Recent events in Venezuela have demonstrated just how difficult it is to remove an established totalitarian regime. Despite poverty levels of over 90%, widespread hunger and malnutrition, absence of electricity and water supply, collapse of medical facilities and 3.4 million refugees, the regime is still holding onto power.
The Chavista regime has consolidated its power over the economy through nationalisation and price controls, and maintains an iron grip over the media and judiciary. Its extensive military forces are backed up by informal regime-financed gangs called collectivos who terrorise and murder at will.
The longevity of failing totalitarian systems is also evidenced by the case of the Cuban regime, now in power for over sixty years despite being an economic basket-case. Cuba maintains a deeply inefficient and corrupt Soviet-style economic system. State employees concentrate on just getting by by selling goods stolen from their place of work, or slipping away to do informal private jobs. The worsening food shortage means it is very difficult for Cubans to buy basic goods such as eggs, flour, chicken, cooking oil and powdered milk. Collectivised agriculture barely functions and Cuba has to import most of its food, which it cannot afford to carry on doing. Yet despite being unable to feed their people, the Cuban regime is firmly in power. Their expertise is in developing and maintaining a police state. They have eliminated all opposition and brutally repress all signs of dissent.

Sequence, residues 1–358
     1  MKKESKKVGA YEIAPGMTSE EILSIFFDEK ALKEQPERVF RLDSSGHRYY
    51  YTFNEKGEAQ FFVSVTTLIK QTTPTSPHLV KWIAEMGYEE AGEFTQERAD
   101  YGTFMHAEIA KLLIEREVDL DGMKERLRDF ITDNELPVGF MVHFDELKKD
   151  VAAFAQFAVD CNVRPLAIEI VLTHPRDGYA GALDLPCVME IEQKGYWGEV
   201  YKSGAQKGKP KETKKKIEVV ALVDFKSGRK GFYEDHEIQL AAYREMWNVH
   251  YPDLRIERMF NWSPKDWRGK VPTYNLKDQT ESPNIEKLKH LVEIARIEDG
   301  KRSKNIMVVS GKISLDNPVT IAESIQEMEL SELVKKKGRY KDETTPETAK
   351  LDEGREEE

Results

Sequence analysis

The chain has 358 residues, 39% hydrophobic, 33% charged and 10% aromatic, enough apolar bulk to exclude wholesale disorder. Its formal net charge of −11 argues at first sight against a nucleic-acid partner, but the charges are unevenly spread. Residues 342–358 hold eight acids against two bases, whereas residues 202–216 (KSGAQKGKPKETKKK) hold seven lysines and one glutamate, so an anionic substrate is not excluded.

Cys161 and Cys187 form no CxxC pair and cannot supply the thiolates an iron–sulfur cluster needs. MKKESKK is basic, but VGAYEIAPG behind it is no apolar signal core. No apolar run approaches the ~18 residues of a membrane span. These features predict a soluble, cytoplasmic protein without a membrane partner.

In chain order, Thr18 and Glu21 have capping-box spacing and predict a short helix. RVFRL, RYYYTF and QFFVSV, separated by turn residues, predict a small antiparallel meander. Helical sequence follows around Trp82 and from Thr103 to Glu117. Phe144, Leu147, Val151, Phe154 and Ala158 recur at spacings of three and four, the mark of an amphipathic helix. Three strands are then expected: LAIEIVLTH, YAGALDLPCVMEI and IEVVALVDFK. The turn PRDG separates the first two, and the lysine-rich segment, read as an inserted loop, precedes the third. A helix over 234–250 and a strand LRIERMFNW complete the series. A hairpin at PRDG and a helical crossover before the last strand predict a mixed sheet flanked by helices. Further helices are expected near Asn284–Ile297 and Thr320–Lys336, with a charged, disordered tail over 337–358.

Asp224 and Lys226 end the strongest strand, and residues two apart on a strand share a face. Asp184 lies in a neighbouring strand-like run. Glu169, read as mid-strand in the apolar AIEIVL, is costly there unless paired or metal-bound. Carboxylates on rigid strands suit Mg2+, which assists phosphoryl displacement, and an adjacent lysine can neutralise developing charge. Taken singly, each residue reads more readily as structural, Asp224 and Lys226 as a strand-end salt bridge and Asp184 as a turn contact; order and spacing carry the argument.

Cuba have exported their totalitarian expertise to Venezuela, where they designed the security apparatus they now oversee. In an interview with The Washington Post in March, one former lieutenant colonel in the Venezuelan army who has fled to the United States said Cubans dressed in civilian clothing acted as “our supervisors and decision-makers.”
But there is still hope for Venezuela. The Chavista regime is not as entrenched as the Cuban one, and has no external backers prepared to continue to bail it out financially. Juan Guaido’s recent attempt to persuade the military to switch sides wasn’t successful. However, the fact that the military sat on the fence all day, and that the head of the intelligence service, General Manuel Christopher Figuera, did switch sides and has now left the country, shows that military support for the regime is fragile and wavering.
The analysis of Admiral James Stavridis, former head of U.S. Southern Command, is instructive:
“I wouldn’t categorize it as a failure at this point. I’d categorize it as a near miss on a success. From where we were a year ago, the trends continue to diminish the chances of Nicholás Maduro remaining in power. The country is spiralling downward….I for one find credible the reports that Maduro was about to fold. I think the Russians stiffened his spine, and I think the presence of thousands of Cuban military and intelligence personnel was decisive. Despite all that, I think this one was right at a tipping point. I think the scene of action is shifting to Cuba. I think the next logical move for the Trump administration is applying pressure to Cuba.”
It’s primarily the Cubans who are standing in the way of Venezuelan freedom. As Luis Almagro, Secretary General of the 35-nation Organization of American States, has just said, “If we want to help Venezuelans, we must deal with the dictatorship in Cuba. The only military invasion of Venezuela that has occurred began slowly some 20 years ago & has been perpetrated by the armed forces & security, intelligence & counter-intelligence of Cuba.”
Once democracy is restored to Venezuela, Cuba will lose its main foreign subsidies of $2 billion to $3 billion per annum. We could very well see a domino effect. When the totalitarian regimes falls in Venezuela, the Cuban dictatorship may follow.
More information on the Venezuela Campaign can be found on their website.